Emily Iker, MD
Emily Iker, MD
Graduation Date: 1981
As the founder and director of the Lymphedema Center in Santa Monica, California, Dr. Emily Iker’s dream of becoming an accomplished physician has been recognized many times over, touching and changing the lives of thousands. Dr. Iker is a woman who has surmounted immense challenges, never losing focus of her goal. Her resolve and inner strength is matched only by kindness and humility, as she lauds those who have helped her achieve her lifelong dream of practicing medicine.
Her journey has by no means been easy. Born in Czechoslovakia, Dr. Iker’s potential went unrecognized and unsupported by the very people who should have been keenly aware of her gifts. She was told that she was not “university material” by a high school teacher. Dr. Iker’s relentless determination, on which she has often relied throughout her personal and professional life, enabled her to push forward toward her ultimate goal.
In 1973, she enrolled in the preclinical program at the University of California Los Angeles and worked in a private orthopedic office to help pay her tuition. During that time she discovered that she had lymphoma. Determined to not let the disease interfere with her studies, she finished her chemotherapy and graduated from UCLA simultaneously. She had seen an article in the newspaper about an English language medical school in Grenada. After researching the program, she applied and was accepted in 1977, thus becoming a member of the second class to enter SGUSOM.
After graduation, she interned at St. Clare’s Hospital and Health Center in New York. She remained in New York as a surgical resident at Cabrini Medical Center for two years. During that time, Dr. Iker, having beaten cancer, developed lymphedema—a chronic condition which results in extreme swelling of the limbs. It is the effect of the accumulation of fluid and other elements, such as proteins in the interstitial tissue arising from congenital malfunction of the lymph system or damage to lymph vessels or lymph nodes. Lymphedema is a condition commonly seen in cancer patients. Dr. Iker’s resolve gave her the strength to fight through the daily struggles with pain and fatigue. After much consideration, she decided to change her medical specialty from surgery to rehabilitation and completed her physical medicine and rehabilitation residency at New York Medical College.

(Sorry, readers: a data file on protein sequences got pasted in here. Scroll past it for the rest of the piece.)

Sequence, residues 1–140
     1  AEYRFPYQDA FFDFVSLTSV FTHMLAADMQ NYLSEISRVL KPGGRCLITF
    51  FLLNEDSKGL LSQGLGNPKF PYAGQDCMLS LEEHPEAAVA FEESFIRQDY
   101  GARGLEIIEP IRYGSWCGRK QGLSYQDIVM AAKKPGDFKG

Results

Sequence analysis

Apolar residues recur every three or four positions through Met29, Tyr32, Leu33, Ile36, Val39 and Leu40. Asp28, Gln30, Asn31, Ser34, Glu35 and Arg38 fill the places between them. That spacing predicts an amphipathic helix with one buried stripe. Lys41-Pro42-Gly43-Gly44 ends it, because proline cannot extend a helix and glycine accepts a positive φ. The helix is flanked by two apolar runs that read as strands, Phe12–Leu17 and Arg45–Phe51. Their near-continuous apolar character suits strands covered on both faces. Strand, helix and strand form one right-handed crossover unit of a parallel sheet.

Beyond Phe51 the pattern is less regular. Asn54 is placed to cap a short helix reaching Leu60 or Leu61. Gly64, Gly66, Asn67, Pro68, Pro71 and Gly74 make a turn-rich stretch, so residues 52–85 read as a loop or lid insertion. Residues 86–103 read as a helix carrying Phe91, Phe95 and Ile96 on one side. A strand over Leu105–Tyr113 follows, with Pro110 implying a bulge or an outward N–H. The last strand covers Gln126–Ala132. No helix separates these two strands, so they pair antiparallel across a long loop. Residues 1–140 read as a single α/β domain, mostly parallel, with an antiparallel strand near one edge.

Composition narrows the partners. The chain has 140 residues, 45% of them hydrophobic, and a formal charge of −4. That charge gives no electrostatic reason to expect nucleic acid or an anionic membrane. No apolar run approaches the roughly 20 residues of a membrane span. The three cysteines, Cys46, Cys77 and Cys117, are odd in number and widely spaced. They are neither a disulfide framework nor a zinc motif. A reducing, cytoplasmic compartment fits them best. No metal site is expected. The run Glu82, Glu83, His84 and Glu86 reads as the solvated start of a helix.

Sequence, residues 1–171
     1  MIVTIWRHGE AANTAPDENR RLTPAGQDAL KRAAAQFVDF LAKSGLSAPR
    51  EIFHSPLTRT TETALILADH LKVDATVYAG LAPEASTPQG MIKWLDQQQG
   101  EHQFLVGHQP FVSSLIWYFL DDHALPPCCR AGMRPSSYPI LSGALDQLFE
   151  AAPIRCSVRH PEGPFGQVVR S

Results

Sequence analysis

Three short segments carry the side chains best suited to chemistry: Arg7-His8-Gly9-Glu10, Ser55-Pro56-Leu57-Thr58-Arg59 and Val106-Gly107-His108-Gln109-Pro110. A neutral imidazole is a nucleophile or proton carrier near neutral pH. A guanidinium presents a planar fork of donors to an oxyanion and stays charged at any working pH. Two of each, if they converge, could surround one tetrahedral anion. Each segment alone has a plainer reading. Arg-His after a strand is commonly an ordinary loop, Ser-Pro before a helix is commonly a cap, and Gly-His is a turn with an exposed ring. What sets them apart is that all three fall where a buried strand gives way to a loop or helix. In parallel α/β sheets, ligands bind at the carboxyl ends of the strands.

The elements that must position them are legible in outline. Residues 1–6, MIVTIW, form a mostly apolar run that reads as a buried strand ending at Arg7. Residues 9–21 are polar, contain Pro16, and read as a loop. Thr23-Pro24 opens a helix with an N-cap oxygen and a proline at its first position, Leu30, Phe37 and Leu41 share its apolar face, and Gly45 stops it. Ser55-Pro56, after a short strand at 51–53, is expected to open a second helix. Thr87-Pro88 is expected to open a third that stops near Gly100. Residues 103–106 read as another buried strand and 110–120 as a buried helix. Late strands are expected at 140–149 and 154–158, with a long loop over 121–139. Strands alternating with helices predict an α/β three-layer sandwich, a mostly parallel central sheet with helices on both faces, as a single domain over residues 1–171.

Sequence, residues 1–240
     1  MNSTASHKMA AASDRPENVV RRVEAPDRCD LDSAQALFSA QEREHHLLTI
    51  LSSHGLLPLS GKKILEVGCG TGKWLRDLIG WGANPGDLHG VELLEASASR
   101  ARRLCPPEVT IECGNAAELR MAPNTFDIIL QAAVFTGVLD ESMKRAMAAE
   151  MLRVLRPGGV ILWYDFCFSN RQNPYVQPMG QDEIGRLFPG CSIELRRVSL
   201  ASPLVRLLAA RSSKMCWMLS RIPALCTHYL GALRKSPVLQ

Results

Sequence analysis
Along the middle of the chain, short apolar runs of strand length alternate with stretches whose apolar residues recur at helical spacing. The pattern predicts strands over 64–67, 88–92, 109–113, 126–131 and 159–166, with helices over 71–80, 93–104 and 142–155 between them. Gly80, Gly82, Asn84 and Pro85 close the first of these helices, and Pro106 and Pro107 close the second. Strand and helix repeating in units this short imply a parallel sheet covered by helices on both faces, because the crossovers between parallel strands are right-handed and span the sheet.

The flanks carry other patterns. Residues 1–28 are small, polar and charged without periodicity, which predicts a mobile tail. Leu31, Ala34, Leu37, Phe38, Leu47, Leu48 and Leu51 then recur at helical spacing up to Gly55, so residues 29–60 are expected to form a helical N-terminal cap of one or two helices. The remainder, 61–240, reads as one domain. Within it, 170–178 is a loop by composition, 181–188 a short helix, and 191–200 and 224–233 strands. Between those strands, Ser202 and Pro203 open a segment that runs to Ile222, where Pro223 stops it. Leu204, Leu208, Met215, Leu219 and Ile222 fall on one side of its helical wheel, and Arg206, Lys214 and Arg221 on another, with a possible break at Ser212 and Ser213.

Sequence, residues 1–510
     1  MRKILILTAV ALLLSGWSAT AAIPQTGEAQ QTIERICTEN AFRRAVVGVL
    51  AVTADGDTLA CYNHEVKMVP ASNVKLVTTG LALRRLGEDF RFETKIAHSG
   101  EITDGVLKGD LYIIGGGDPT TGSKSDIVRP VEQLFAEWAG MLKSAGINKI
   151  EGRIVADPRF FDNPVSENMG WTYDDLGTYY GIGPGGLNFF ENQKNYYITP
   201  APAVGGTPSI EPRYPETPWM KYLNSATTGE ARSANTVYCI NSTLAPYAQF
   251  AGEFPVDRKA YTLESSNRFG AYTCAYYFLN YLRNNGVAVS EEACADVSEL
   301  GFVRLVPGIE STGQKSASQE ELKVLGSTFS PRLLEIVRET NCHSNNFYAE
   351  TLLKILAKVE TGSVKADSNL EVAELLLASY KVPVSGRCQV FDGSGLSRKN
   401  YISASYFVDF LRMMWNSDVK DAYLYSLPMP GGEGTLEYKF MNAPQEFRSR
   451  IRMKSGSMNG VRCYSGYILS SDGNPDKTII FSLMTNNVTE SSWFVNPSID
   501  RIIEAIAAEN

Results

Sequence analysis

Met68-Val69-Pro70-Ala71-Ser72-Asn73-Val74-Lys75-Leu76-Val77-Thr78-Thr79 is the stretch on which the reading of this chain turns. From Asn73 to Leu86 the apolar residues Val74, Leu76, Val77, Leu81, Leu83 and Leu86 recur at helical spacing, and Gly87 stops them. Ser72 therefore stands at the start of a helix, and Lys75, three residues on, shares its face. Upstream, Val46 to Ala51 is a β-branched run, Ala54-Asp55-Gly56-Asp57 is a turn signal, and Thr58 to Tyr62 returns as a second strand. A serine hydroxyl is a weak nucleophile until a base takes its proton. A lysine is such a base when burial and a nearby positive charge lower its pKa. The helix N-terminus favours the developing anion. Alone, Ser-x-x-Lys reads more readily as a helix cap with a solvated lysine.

From 1987–1992, Dr. Iker returned to California to work with Dr. Robert Watanabe, a prominent Orthopedic Surgeon in West Los Angeles. As his associate, she specialized in the area of rehabilitation for sports medicine both pre- and post-surgery. Dr. Watanabe would become “the most influential individual in her professional life,” said Dr. Iker, providing the guidance and motivation that would lead her to her life’s work in the study of lymphedema. During those years, Dr. Iker struggled to find assistance with her condition. She was struck by the lack of information and treatment options available for lymphedema. In 1992, with the encouragement of her mentor, Dr. Watanabe, she opened the Lymphedema Center in Santa Monica. Sadly, Dr. Watanabe passed away from lymphoma later that year, the same disease Dr. Iker battled 15 years earlier.
As director of the Lymphedema Center, Dr. Iker focuses on diagnosis, management, and treatment of lymphatic disorders. Dr. Iker is now the President of the American Society of Lymphology. She is board certified by the American Boards of Holistic Medicine and is a staff member of Santa Monica – UCLA Medical Center. Dr. Iker teaches and lectures nationally and internationally, and is not only the director of the Lymphedema Center but a patient as well. A few years ago, Dr. Iker married a business man whose flexible schedule enables them to travel the world together on her extensive lecture tours.
As a youth in Czechoslovakia, Dr. Iker spent many years as a gymnast conquering the balance beam. She believes her perseverance is rooted in those years where she first learned the importance of falling and getting right back up. Dr. Iker equates much of her career path to walking on the balance beam, having gracefully stood up to demonstrate a determination which each day benefits the lives of others.
Published May 2010